Reflection/refraction – Enables or disables the calculation of reflections and refractions in V-Ray maps and materials.
Maps – Enables or disables texture maps.
Glossy effects – When enabled (the default), glossy reflections are visible in the render. When disabled, all material glossiness settings are ignored, and both reflections and refractions render sharp. This option is useful for test renderings.
Transp. cutoff – Controls when tracing of transparent objects is stopped. If the accumulated transparency of a ray is below this threshold, no further tracing is performed.
Max ray intensity – Suppresses the contribution of very bright rays, which may typically cause excessive noise (fireflies) in the rendered image. Its effect is similar to the Subpixel mapping + Clamp output options of the Color mapping section, but the Max ray intensity is applied to all secondary (GI/reflection/refraction) rays, as opposed to the final image samples. This allows fireflies to be effectively suppressed but without losing too much HDR information in the final image. Similar to the Subpixel mapping option, the Max ray intensity introduces bias in the rendered image, as it may turn out to be darker than the actual correct result.
This parameter is turned off when loading scenes saved with V-Ray 2.x in order to produce the same results.
|The subpixel color mapping option is incompatible with the adaptive lights and can lead to blocky artifacts due to the different sampling rate of the light sources in different cells of the light grid.|
Secondary rays bias – A small positive offset that is applied to all secondary rays. This can be used if you have overlapping faces in the scene to avoid the black splotches that may appear. This parameter is also useful when using the 3ds Max Render-to-texture feature. For more information, see The Secondary Rays Bias example below.
This is a scene with over 1000 spherical Area lights with the Cutoff threshold set to 0.0 (no cutoff). Both images were rendered with the Progressive image sampler for the same amount of time. When Full lights evaluation is used, the rendering is very noisy. When Uniform probabilistic mode is enabled and set to 8, the image is much cleaner as V-Ray is able to compute more GI rays, which are the main source of noise in this scene.
This example shows the effect of the Secondary rays bias parameter. The scene below has a box object with a height of 0.0, which the top and bottom of the box occupy exactly the same region in space. Due to this, V-Ray cannot resolve unambiguously intersections of rays with these surfaces.
The first image shows what happens when you try to render the scene with the default settings. You can see the splotches in the GI solution, caused by the fact that rays randomly intersect one or the other surface:
In the second image below, the Secondary rays bias is set to 0.001, which offsets the start of each ray a little bit along its direction. In effect, this makes V-Ray skip the problematic surface overlaps and render the scene correctly :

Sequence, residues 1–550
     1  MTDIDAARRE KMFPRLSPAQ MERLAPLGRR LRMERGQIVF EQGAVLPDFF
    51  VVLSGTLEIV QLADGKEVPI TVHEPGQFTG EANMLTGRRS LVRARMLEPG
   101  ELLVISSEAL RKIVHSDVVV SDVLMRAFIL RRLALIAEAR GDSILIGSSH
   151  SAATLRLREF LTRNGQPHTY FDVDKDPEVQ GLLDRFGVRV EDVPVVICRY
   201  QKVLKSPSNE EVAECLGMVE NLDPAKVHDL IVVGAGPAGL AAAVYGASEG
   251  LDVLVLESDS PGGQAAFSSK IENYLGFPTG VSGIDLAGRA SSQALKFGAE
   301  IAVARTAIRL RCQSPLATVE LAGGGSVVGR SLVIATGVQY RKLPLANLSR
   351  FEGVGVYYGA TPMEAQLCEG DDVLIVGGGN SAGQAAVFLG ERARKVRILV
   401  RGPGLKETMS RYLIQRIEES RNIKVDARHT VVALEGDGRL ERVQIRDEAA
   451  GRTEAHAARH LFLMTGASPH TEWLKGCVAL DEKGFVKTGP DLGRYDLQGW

Note that the Secondary rays bias affects only things like GI, reflections, etc. In order to render the scene properly, the material assigned to the box has its 2-sided option checked. This is so that the object looks in the same way regardless of whether the camera rays hit the top or the bottom of the box. If the material did not have this option checked, it would appear "noisy" even though the Secondary rays bias is greater than 0.0:
The following parameters are added to the list of visible settings available from the Global Switches rollout when set to the Expert Render UI Mode.
Filter maps – Enables or disables texture map filtering. When enabled, the depth is controlled locally by texture map settings. When disabled, no filtering is performed.
Filter maps for GI – Enables or disables texture filtering during calculations of GI and glossy reflections/refractions. When disabled, texture maps are not filtered for GI and glossy reflections/refractions in order to speed up the calculations. When this option is enabled (the default), textures are filtered in these cases.
GI filter multiplier – A multiplier for texture filtering for GI.
Legacy sun/sky/camera – When disabled (the default), V-Ray uses improved and more accurate models. If turned on, V-Ray switches to the old models for compatibility with older scenes.
3ds Max photometric scale – When enabled (the default), it aligns the VRayLight, VRaySun, VRaySky, and VRayPhysicalCamera to the photometric units used by 3ds Max and its photometric lights.
Consistent lighting elements – When enabled, this option provides more accurate, artifact-free lighting render elements not dependant on light sampling. It also provides better support for Adaptive dome light. Please note, that this option is applicable to raw lighting render elements only when the corresponding normal and filter render elements are available (e.g., VRayRawGlobalIllumination = VRayGlobalIllumination / DiffuseFilter).